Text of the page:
The indefinite strike embarked upon by JUSUN to demand financial autonomy is commendable because of its insistence on propriety obviously intended to prevent state chief executives from ruling on their whims and caprices.
But pathetically, many governors are unwilling to allow an independent judiciary that they will no longer hoodwink or coerce to do their biddings. The delay in implementing the autonomy is predicated on the fact that most of our leaders are bigger than the country’s institutions.
Hence, we have strong leaders and weak institutions. At the federal and state levels, the suppression of the country’s main institution has aided tyranny.
Consequently, the governors and even the president can afford to do anything unconstitutional and go scot-free with it.
The national and some state Houses of Assembly have become rubber stamps ready for the masters’ use anytime. Therefore, one hardly finds meaningful debates in the legislature except in states that have strong opposition. In the states, where all the members of the legislature come from the ruling party, meaningful debate is moonshine.
The fashionable term is “Carry go”. The term “Carry go” literally means treat as requested. There is obviously no alteration or modification. The application of “Carry go” has continued to worsen the state of our democracy. The governors or the president can afford to do anything he likes without any compunction. Consequently, the masses and indeed the electorate do not have a voice anymore. The voices of the electorate are lost in the legislators’ inefficiency and cowardice.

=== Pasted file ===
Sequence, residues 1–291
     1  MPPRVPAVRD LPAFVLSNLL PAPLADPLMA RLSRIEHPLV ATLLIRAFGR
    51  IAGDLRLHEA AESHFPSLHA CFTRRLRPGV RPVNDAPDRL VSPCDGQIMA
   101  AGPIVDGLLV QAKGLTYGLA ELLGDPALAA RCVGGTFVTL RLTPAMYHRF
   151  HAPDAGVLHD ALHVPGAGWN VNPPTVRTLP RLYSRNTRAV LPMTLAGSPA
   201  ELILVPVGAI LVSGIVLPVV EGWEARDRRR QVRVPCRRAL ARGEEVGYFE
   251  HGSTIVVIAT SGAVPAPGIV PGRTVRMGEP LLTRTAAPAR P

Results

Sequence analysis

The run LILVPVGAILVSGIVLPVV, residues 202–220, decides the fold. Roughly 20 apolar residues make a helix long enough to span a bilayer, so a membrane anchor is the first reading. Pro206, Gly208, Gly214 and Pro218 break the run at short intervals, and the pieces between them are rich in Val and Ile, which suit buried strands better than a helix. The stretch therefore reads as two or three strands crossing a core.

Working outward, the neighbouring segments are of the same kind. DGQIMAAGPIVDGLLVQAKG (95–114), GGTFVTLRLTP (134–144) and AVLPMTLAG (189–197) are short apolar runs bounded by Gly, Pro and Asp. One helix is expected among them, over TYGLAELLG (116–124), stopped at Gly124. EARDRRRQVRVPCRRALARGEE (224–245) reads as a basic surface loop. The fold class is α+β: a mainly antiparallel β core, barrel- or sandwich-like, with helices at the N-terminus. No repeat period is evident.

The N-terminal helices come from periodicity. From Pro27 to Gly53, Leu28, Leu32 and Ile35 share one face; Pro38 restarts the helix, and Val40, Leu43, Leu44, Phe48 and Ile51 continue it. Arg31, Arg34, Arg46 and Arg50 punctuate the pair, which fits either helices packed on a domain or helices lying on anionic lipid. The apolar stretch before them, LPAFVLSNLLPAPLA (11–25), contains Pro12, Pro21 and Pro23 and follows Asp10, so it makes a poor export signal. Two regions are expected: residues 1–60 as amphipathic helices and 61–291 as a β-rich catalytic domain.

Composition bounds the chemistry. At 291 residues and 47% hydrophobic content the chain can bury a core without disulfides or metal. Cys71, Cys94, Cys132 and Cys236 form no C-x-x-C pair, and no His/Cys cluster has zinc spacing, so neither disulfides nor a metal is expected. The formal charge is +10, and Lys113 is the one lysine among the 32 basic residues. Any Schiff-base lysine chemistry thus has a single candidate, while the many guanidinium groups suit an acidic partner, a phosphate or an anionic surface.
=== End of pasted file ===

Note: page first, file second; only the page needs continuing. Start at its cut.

The country is worse for it. What we have in most states of the skewed Nigerian federation are monarchs, who brook no challenges. They rule howsoever they like, for themselves and their various families. They have goons all over their states whose duty it is to defend them. If not for the state of our nation where rust is ripeness, do the President and Governors have no choice in implementing the constitution?